Susan Pevensie: Always a Queen of Narnia?

This month LHP is highlighting some of our readers’ favorite previous posts from our authors.  We hope you enjoy them!



Do you have any idea how hard it is to find a picture of Susan that ISN’T Anna Popplewell?

When we think of The Chronicles of Narnia, Susan is not, perhaps, the first character that comes to mind.  She is robust and relatively well developed, but she also seems to be more of a supporting character.  After all, it is Lucy who leads the children into Narnia and seems to form the strongest bond with Aslan.  Edmund is the traitor redeemed, and Peter becomes the High King.  Susan’s most unique aspect is also one of the most controversial points of The Chronicles:  She is the only one of the four Pevensie children to fall away and not make it into Aslan’s country at the end of The Last Battle.  This has upset a couple of generations of readers now, and it has led to charges of sexism against her creator, C. S. Lewis.  For many people, Susan’s fall is one of the worst points of the books; it bothers them enough that they can’t let it go.  Fortunately, there is much more to Susan and her situation than what her critics imply.

As early as Prince Caspian, we see hints of something happening to Su.  When Lucy sees Aslan, Susan knows in her heart of hearts that she is telling the truth.  She refuses to admit it, even to herself, and later feels horribly guilty about it.  At the end of the book, Susan and Peter are returned to our world where they are expected to grow up and apply all of the lessons learned in Narnia.  By the time we meet them again in The Last Battle, their paths have diverged dramatically.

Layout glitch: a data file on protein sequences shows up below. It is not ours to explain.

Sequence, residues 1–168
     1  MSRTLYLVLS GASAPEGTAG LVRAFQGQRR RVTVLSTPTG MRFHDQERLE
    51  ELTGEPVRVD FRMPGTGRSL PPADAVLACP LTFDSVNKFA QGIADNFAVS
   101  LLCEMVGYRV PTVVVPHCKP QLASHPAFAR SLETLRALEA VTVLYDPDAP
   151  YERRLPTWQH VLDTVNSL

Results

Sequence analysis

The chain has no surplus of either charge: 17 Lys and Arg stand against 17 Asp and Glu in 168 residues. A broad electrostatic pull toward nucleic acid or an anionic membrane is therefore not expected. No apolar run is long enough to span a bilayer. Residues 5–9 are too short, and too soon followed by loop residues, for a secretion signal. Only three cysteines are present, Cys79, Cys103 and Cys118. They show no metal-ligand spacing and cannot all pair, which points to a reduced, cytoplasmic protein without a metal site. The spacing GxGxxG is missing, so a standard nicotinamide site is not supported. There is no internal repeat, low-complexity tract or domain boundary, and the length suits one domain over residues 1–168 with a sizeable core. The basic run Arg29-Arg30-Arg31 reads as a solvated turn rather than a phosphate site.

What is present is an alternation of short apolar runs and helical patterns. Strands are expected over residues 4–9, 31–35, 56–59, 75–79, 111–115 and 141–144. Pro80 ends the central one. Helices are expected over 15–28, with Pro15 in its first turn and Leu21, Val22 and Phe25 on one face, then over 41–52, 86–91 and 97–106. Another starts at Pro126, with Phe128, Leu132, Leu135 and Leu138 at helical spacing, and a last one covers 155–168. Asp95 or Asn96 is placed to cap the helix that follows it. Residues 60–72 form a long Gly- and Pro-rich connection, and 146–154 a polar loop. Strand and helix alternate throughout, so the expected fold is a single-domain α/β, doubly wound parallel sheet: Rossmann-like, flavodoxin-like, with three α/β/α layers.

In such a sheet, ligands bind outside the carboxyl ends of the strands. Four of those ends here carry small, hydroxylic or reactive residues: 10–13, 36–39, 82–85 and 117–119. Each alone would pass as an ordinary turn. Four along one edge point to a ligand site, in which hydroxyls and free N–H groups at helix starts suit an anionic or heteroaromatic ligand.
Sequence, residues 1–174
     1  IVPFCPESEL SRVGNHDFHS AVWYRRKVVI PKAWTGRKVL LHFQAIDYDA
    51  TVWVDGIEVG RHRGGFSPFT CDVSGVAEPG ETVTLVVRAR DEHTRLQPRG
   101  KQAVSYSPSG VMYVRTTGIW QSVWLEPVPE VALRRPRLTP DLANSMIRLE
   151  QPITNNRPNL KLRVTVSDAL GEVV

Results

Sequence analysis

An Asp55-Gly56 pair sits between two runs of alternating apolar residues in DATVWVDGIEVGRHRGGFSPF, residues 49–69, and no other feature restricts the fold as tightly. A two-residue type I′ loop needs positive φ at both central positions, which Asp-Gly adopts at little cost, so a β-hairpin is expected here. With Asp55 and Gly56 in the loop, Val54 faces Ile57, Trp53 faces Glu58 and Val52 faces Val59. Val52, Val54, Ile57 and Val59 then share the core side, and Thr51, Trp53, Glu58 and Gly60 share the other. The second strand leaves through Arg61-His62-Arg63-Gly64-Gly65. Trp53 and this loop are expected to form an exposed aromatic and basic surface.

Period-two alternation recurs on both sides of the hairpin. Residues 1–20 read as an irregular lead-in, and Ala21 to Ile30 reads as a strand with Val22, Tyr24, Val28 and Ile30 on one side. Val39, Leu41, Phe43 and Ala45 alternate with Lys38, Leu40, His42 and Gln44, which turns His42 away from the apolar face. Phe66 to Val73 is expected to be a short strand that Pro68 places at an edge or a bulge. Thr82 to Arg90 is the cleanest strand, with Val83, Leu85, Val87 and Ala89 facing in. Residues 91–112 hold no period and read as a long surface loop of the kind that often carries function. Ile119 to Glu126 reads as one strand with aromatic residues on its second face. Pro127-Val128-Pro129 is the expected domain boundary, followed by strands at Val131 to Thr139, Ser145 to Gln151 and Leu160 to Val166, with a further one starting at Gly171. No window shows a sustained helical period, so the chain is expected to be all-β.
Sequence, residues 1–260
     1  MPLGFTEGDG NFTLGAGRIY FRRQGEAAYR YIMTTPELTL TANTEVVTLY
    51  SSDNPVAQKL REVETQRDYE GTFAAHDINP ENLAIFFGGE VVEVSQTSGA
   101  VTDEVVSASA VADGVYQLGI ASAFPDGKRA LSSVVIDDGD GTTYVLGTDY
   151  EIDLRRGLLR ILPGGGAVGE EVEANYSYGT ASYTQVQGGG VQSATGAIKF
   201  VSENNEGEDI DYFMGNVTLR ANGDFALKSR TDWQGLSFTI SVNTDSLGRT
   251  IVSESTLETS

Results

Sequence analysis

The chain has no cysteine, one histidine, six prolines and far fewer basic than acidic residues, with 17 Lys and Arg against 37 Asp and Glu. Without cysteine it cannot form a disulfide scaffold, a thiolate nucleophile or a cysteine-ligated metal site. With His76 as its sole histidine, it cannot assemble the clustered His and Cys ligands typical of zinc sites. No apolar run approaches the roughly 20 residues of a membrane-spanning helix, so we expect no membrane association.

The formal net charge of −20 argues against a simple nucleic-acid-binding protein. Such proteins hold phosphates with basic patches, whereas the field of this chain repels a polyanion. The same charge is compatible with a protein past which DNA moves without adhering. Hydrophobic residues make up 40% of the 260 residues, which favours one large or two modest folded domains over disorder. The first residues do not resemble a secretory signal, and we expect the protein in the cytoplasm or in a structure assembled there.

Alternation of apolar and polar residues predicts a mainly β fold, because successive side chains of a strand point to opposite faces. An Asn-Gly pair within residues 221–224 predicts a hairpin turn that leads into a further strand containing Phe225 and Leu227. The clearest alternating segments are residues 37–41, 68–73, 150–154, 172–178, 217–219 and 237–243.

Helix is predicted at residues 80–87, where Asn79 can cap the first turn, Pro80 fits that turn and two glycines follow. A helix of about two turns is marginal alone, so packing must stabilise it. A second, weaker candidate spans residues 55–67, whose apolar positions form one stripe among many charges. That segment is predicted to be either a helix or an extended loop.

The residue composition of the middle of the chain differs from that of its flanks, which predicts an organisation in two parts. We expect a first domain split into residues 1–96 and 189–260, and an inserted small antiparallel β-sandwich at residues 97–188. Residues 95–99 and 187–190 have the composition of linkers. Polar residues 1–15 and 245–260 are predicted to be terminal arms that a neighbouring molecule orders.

When the group meets inside the stable, in Aslan’s country, Susan is notably absent.  When that fact is brought up, Susan is described as “no longer a friend of Narnia.”  Jill notes that she pays attention to “nothing nowadays except nylons and lipstick and invitations.  She always was a jolly sight too keen on being grown-up.”  Su has even gone so far as to deny Narnia’s very existence:  “Fancy your still thinking about all those funny games we used to play when we were children.”  As such, she isn’t on the train when the wreck occurs, and she isn’t granted entrance into Aslan’s country at that point. [1]